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Mastodon plugin for Bitlbee

This plugin allows Bitlbee to communicate with Mastodon instances. Mastodon is a free, open-source, decentralized microblogging network. Bitlbee is an IRC server connecting to various other text messaging services. You run Bitlbee and connect to it using an IRC client, then configure Bitlbee to connect to other services, such as a Mastodon instance where you already have an account. The benefit is that you can now use any IRC client you want to connect to Mastodon.

A screenshot of Emacs running the rcirc IRC client connected to a Mastodon instance via Bitlbee

Please report issues using the Software Wiki. For questions, ping kensanata on

Table of Contents


Most of the source code is distributed under the GNU Lesser Public License 2.1.

The build system is distributed under the GNU Public License 2.0 or any later version.

Anything without an obvious license in the file header also uses the GPL 2.0 or any later version.



First, make sure the installation worked by checking the installed protocols using the plugins command in your &bitlbee control channel.

If this worked, create your account using the account command in your &bitlbee control channel.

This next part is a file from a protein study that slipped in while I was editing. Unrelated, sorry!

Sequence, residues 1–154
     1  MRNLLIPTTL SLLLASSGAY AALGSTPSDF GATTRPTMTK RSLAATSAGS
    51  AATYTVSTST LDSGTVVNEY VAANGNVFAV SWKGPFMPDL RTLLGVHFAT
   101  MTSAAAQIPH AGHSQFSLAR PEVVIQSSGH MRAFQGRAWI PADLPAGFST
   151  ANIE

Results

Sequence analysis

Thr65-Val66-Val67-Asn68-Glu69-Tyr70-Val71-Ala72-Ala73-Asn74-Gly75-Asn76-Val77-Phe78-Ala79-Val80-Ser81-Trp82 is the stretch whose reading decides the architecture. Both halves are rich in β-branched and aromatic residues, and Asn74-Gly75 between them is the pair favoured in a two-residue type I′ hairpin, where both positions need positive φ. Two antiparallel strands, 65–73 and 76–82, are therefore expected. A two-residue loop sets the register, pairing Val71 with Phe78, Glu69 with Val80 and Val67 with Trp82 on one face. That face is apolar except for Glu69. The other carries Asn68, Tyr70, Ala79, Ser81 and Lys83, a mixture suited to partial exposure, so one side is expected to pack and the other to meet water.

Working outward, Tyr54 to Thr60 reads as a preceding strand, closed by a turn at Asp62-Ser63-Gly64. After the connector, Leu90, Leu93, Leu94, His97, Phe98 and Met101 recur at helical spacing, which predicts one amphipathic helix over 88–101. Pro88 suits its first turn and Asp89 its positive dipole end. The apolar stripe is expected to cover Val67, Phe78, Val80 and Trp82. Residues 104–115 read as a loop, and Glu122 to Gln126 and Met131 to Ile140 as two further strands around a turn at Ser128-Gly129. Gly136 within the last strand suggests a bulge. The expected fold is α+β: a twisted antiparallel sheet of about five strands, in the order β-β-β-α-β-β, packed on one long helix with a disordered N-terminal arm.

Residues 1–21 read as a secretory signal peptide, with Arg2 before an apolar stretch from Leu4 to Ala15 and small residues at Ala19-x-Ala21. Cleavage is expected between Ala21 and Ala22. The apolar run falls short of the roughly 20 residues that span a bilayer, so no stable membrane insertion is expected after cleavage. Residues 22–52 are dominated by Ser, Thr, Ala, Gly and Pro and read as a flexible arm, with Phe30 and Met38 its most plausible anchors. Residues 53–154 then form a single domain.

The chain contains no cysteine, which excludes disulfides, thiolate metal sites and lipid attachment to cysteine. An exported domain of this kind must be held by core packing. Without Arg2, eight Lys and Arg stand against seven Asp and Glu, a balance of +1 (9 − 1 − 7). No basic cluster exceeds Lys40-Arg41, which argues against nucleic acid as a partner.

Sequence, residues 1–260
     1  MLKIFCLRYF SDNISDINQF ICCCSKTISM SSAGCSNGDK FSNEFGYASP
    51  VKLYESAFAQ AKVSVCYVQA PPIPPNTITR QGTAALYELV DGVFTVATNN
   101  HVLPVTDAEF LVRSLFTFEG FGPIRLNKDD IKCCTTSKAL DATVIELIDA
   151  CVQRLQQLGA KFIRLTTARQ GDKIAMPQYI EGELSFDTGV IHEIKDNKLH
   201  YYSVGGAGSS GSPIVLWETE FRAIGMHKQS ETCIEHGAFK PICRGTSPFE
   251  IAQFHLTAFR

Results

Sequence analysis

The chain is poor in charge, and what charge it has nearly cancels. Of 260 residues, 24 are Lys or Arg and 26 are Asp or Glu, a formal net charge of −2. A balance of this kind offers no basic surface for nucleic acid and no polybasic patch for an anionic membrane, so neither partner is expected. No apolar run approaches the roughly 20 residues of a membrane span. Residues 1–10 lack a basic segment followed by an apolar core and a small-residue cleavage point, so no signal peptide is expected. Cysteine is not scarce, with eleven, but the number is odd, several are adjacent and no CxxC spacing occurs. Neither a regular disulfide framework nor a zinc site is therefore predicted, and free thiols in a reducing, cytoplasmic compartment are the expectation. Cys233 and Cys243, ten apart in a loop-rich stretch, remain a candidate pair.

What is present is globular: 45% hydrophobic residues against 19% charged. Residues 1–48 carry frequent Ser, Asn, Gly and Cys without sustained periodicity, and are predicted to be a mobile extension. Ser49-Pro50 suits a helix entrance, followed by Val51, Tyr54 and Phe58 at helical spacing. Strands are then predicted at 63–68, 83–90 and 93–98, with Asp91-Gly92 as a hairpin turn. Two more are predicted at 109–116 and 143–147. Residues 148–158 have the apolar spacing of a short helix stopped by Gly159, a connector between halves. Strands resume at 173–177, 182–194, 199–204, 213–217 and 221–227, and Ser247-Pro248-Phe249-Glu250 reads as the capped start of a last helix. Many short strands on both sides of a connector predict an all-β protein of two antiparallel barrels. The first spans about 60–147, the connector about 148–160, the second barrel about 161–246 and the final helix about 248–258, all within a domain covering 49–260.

In this example, we'll sign in as This assumes an existing account on an instance! Replace username and Mastodon server when trying it.

In your &bitlbee channel, add a new account, change it's base_url to point at your instance, and switch it on:

<kensanata> account add mastodon @kensanata
<root> Account successfully added with tag mastodon
<kensanata> account mastodon set base_url
<root> base_url = `
<kensanata> account mastodon on
<root> mastodon - Logging in: Login
<root> mastodon - Logging in: Parsing application registration response
<root> mastodon - Logging in: Starting OAuth authentication

At this point, you'll get contacted by the user mastodon_oauth with a big URL that you need to visit using a browser. Visit the URL and authenticate the client. You'll get back another very long string. Copy and paste this string:

<mastodon_oauth> Open this URL in your browser to authenticate: https://.......
<mastodon_oauth> Respond to this message with the returned authorization token.
<kensanata> ****************************************************************

Once you do that, your login should complete in the &bitlbee channel:

<root> mastodon2 - Logging in: Requesting OAuth access token
<root> mastodon2 - Logging in: Connecting
<root> mastodon2 - Logging in: Verifying credentials
<root> mastodon2 - Logging in: Getting home timeline
<root> mastodon2 - Logging in: Logged in

You should now have a channel called where all the status updates and notifications get shown. We'll call this your account channel. See help set name to change it's name.

Mastodon gives BitlBee a permanent authentication token, which is saved in your configuration.

You should probably save this configuration.

<kensanata> save
<root> Configuration saved

Adding the account and switching it on loads the Bitlbee Mastodon help file into the system, allowing you to use help mastodon in your &bitlbee control channel.